I found this single bevel axe head in a “cash converter” store in George while visiting the Garden Route in June 2015. I had to fork out the astonishing amount of R125 for it. (bottom of the first picture)
Some idiot put a bevel on the non-bevel side, but otherwise it was in top shape.
The only mark on it reads “Made in Sweden”.
First I had to get rid of the unwanted bevel and then proceeded to grind a fresh bevel on the correct side of the head. This took quite a while as I was careful not to overhead the steel, which would result in a loss of temper. You can see how I clamped the axe head to a piece of timber which is shoved against a suitably place object (read foot) to ensure a constant grinding angle.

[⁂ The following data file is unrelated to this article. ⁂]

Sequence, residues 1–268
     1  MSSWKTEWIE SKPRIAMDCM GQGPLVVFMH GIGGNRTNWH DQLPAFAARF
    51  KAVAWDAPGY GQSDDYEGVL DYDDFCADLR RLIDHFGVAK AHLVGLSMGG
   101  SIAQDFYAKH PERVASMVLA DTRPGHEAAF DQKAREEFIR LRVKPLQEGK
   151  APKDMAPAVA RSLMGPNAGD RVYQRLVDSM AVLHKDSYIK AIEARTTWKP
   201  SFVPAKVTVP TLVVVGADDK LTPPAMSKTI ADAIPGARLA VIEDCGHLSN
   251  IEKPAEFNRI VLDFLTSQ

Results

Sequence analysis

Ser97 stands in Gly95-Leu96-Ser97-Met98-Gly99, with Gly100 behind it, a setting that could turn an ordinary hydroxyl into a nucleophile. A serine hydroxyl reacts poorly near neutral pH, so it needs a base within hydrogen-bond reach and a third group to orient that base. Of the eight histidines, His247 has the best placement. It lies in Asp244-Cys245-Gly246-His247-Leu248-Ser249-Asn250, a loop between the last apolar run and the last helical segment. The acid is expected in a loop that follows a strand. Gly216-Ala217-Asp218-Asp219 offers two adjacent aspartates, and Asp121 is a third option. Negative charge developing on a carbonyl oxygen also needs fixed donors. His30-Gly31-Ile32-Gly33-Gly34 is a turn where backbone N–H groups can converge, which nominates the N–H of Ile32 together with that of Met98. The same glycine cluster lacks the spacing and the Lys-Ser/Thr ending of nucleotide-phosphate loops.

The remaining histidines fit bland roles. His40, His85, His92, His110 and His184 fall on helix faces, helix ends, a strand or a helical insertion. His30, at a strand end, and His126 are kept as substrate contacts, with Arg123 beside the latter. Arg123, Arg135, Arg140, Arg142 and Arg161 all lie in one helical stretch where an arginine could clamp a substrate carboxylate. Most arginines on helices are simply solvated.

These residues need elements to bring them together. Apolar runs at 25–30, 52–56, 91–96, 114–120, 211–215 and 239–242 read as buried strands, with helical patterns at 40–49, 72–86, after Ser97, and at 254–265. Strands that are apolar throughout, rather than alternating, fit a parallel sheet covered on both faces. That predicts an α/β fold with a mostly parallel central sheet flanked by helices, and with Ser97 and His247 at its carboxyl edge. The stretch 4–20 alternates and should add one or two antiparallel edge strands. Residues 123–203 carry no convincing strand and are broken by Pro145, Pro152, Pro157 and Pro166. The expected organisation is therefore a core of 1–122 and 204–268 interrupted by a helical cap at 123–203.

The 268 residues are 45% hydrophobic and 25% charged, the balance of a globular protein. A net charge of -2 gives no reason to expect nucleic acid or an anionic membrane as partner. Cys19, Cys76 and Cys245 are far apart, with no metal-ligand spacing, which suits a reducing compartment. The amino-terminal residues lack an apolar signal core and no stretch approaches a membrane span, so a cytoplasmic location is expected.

The handle was made from a piece of Assegaai (Curtisia dentata) using the bandsaw, draw knives, rasps and a card scraper.
I am proud to report that I did my first bit of blacksmithing to create this cold steel wedge. It was a scrap bit of steel that received an almighty pounding. I do not have a blowtorch (yet), but can report that aggression can sometimes yield products of beauty. The steel is soft enough to be shaped without heating.
As you can see here, I used a wooden wedge and the metal wedge to secure the handle.
Of course I drove the metal wedge one blow of the hammer too far, which resulted in the timber below the axe head splitting.
As I was not in the mood to make a new handle, I simply installed a wood screw to inhibit a potential extension of the split.
To complete the rehab I made a nice game leather sheath for the side axe. Now the only thing left to do is to find suitable green wood in Namibia to hew into chair stock.